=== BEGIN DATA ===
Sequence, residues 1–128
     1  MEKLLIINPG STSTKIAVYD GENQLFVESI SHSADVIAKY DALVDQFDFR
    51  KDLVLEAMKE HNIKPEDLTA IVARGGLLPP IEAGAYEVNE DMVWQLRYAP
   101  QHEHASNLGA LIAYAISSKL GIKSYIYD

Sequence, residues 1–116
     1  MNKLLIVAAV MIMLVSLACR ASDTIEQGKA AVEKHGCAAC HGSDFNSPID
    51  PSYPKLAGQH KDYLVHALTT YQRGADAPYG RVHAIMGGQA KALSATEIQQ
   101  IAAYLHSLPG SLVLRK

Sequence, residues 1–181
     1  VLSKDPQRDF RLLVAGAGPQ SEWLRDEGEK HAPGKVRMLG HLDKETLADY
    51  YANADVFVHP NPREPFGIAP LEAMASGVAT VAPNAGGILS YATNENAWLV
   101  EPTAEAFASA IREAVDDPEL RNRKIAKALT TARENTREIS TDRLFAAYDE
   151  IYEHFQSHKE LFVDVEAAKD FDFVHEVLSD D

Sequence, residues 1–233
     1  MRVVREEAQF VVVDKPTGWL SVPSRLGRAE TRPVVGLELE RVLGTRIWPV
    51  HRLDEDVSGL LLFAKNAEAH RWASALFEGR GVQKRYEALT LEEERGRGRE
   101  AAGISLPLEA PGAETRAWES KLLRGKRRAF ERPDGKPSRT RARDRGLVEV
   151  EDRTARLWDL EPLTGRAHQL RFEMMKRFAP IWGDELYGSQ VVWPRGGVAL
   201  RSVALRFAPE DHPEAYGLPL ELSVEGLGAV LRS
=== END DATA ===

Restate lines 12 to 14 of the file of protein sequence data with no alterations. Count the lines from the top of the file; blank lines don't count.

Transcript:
   101  EPTAEAFASA IREAVDDPEL RNRKIAKALT TARENTREIS TDRLFAAYDE
   151  IYEHFQSHKE LFVDVEAAKD FDFVHEVLSD D

Sequence, residues 1–233